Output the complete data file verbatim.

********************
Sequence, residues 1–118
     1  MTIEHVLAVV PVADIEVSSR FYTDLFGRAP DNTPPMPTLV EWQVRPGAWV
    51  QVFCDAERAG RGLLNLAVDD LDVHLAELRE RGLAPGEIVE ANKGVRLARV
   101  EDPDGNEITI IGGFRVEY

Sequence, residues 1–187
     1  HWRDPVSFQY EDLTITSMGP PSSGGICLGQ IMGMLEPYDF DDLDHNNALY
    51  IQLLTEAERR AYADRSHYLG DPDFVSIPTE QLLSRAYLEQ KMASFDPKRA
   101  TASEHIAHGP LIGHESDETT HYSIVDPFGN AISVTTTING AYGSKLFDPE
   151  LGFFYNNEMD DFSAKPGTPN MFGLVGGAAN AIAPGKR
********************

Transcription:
Sequence, residues 1–118
     1  MTIEHVLAVV PVADIEVSSR FYTDLFGRAP DNTPPMPTLV EWQVRPGAWV
    51  QVFCDAERAG RGLLNLAVDD LDVHLAELRE RGLAPGEIVE ANKGVRLARV
   101  EDPDGNEITI IGGFRVEY

Sequence, residues 1–187
     1  HWRDPVSFQY EDLTITSMGP PSSGGICLGQ IMGMLEPYDF DDLDHNNALY
    51  IQLLTEAERR AYADRSHYLG DPDFVSIPTE QLLSRAYLEQ KMASFDPKRA
   101  TASEHIAHGP LIGHESDETT HYSIVDPFGN AISVTTTING AYGSKLFDPE
   151  LGFFYNNEMD DFSAKPGTPN MFGLVGGAAN AIAPGKR